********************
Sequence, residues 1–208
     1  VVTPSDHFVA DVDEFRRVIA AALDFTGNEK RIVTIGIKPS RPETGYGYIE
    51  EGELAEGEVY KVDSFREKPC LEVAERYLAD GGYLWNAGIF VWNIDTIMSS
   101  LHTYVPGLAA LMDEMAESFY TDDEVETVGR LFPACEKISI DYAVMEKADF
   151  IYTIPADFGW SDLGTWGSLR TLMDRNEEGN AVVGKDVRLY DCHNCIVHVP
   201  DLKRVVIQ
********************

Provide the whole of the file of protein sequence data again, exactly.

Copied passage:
Sequence, residues 1–208
     1  VVTPSDHFVA DVDEFRRVIA AALDFTGNEK RIVTIGIKPS RPETGYGYIE
    51  EGELAEGEVY KVDSFREKPC LEVAERYLAD GGYLWNAGIF VWNIDTIMSS
   101  LHTYVPGLAA LMDEMAESFY TDDEVETVGR LFPACEKISI DYAVMEKADF
   151  IYTIPADFGW SDLGTWGSLR TLMDRNEEGN AVVGKDVRLY DCHNCIVHVP
   201  DLKRVVIQ